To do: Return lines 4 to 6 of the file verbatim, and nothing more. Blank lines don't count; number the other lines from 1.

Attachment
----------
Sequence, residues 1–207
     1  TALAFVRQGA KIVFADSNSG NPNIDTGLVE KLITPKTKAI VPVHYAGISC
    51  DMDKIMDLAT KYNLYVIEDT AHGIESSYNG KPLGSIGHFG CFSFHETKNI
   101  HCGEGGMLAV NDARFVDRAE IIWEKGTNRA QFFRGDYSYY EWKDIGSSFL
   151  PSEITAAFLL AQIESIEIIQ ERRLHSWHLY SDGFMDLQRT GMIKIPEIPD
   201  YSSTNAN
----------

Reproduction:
   101  HCGEGGMLAV NDARFVDRAE IIWEKGTNRA QFFRGDYSYY EWKDIGSSFL
   151  PSEITAAFLL AQIESIEIIQ ERRLHSWHLY SDGFMDLQRT GMIKIPEIPD
   201  YSSTNAN